Taking the Sponsors of Palestinian Terror to Court

Jan. 26 2016

In 1995, an operative of Palestinian Islamic Jihad (PIJ) drove a van filled with explosives into an Israeli bus, killing the American college student Alisa Flatow along with seven Israelis, and wounding dozens more. With the help of the attorneys Steven Perles and Thomas Fay, Flatow’s father Stephen sued Iran, the main sponsor of PIJ, initiating a legal battle that went on for over a decade. Convincing a U.S. court to award damages proved relatively easy, but convincing the Clinton administration to pay the damages out of Iranian assets proved nearly impossible. M. R. O’Connor tells the story of the case, and the eventual victory:

Perles and Fay . . . knew that within a few miles of their own offices were three pieces of real estate that no one could deny were Iranian: the embassy chancery of Iran, the residence of the minister of cultural affairs of the embassy of Iran, and the residency of the military attaché of the embassy of Iran. All three had been seized by the State Department on April 7, 1980. . . .

Stephen Flatow’s legal team filed a writ of attachment—a court order to seize an asset—for the properties on July 8, 1998. The next day, at a hearing, . . . they were astounded to see over a dozen government lawyers. The government wanted [the court] to deny the writ. . . .

Perles watched as Flatow’s head sank. He had brought the Iranians to court with the belief that he had the powerful will of President Clinton behind him. Instead it seemed he had now gained a formidable foe, one who was prepared to fight him with all the resources available to his administration. . . .

Some time later, the legal team received a tip from the State Department about an FBI investigation into the Alavi Foundation, a private charity that served as an Iranian front organization; perhaps damages could be awarded from its assets:

Perles and Fay sent a request to the Justice Department: would the government support their arguments about the Alavi Foundation in court? They never got a response.

Flatow saw the silence as a double-cross: they had been led to the Alavi Foundation by the government, which then refused to go the next step and give them proof that would win the case. The proceedings revealed how cautiously the administration was protecting its relations with Iran.

It was not until 2000, after multiple interventions by Congress, that Perles and Fay were able to obtain a settlement for their client.

Read more at Atavist

More about: Bill Clinton, Iran, Israel & Zionism, Law, Lawfare, Palestinian terror


Why President Biden Needs Prime Minister Netanyahu as Much as Netanyahu Needs Biden

Sept. 28 2023

Last Wednesday, Joe Biden and Benjamin Netanyahu met for the first time since the former’s inauguration. Since then, Haim Katz, Israel’s tourism minister, became the first Israeli cabinet member to visit Saudi Arabia publicly, and Washington announced that it will include the Jewish state in its visa-waiver program. Richard Kemp, writing shortly after last week’s meeting, comments:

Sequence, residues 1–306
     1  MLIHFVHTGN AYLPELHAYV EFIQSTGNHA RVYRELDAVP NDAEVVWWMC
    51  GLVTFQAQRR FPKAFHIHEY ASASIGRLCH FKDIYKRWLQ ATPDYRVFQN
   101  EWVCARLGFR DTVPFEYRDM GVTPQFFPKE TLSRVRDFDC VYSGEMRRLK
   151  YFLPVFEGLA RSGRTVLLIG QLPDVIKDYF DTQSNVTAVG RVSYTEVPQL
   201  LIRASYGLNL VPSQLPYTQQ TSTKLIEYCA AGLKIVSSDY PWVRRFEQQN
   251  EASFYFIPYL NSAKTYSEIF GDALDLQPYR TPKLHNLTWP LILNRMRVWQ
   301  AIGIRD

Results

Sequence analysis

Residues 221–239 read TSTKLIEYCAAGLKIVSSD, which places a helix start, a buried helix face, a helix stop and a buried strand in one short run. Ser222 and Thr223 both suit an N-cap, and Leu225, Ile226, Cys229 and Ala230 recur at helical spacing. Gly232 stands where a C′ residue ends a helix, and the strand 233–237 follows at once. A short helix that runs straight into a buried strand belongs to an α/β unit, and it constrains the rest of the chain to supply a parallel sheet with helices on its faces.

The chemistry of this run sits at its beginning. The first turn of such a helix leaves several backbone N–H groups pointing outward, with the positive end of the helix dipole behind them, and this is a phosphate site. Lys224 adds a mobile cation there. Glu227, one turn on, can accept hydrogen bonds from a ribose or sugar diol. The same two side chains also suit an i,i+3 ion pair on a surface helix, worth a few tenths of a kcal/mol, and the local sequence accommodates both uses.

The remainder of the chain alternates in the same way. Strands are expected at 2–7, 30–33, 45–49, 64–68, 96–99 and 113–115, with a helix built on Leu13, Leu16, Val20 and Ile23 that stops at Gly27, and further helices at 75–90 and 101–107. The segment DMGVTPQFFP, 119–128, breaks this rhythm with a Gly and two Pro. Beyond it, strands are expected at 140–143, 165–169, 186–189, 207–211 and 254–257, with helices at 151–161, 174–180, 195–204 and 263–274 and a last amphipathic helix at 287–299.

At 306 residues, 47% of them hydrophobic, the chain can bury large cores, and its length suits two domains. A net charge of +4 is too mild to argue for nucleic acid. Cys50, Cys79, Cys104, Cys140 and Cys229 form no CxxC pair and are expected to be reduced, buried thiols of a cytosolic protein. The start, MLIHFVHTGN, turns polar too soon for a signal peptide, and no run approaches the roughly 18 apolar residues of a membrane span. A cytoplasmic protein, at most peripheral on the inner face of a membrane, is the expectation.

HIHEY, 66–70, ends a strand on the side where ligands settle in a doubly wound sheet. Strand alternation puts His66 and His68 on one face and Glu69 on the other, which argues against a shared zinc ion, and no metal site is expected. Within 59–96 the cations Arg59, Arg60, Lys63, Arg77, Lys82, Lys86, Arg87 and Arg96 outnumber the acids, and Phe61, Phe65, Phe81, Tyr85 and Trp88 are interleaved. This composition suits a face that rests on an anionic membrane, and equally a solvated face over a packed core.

Finally, a full nine months into Benjamin Netanyahu’s latest government, President Joe Biden deigned to allow him into his presence. Historically, American presidents have invited newly installed Israeli prime ministers to the White House shortly after taking office. Even this meeting on Wednesday, however, was not in Washington but in New York, on the sidelines of the United Nations General Assembly.

Such pointed lack of respect is not the way to treat one of America’s most valuable allies, and perhaps the staunchest of them all. It is all about petty political point-scoring and interfering in Israel’s internal democratic processes. But despite his short-sighted rebuke to the state of Israel and its prime minister, Biden actually needs at least as much from Netanyahu as Netanyahu needs from him. With the 2024 election looming, Biden is desperate for a foreign-policy success among a sea of abject failures.

In his meeting with Netanyahu, Biden no doubt played the Palestinian issue up as some kind of Saudi red line and the White House has probably been pushing [Crown Prince Mohammad bin Salman] in that direction. But while the Saudis would no doubt want some kind of pro-forma undertaking by Israel for the sake of appearances, [a nuclear program and military support] are what they really want. The Saudis’ under-the-table backing for the original Abraham Accords in the face of stiff Palestinian rejection shows us where its priorities lie.

Israel remains alone in countering Iran’s nuclear threat, albeit with Saudi and other Arab countries cheering behind the scenes. This meeting won’t have changed that. We must hope, however, that Netanyahu has been able to persuade Biden of the electoral benefit to him of settling for a historic peace between Israel and Saudi Arabia rather than holding out for the unobtainable jackpot of a two-state solution.

Read more at Ynet

More about: Benjamin Netanyahu, Joseph Biden, Saudi Arabia, U.S.-Israel relationship